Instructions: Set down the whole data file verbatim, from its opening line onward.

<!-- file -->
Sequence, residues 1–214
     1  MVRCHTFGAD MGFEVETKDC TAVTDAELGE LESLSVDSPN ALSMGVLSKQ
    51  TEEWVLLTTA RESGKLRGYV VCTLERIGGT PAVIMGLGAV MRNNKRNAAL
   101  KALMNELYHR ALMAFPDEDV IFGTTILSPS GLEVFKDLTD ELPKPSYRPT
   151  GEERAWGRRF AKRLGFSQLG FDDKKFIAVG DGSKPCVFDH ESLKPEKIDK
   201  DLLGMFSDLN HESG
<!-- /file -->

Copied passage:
Sequence, residues 1–214
     1  MVRCHTFGAD MGFEVETKDC TAVTDAELGE LESLSVDSPN ALSMGVLSKQ
    51  TEEWVLLTTA RESGKLRGYV VCTLERIGGT PAVIMGLGAV MRNNKRNAAL
   101  KALMNELYHR ALMAFPDEDV IFGTTILSPS GLEVFKDLTD ELPKPSYRPT
   151  GEERAWGRRF AKRLGFSQLG FDDKKFIAVG DGSKPCVFDH ESLKPEKIDK
   201  DLLGMFSDLN HESG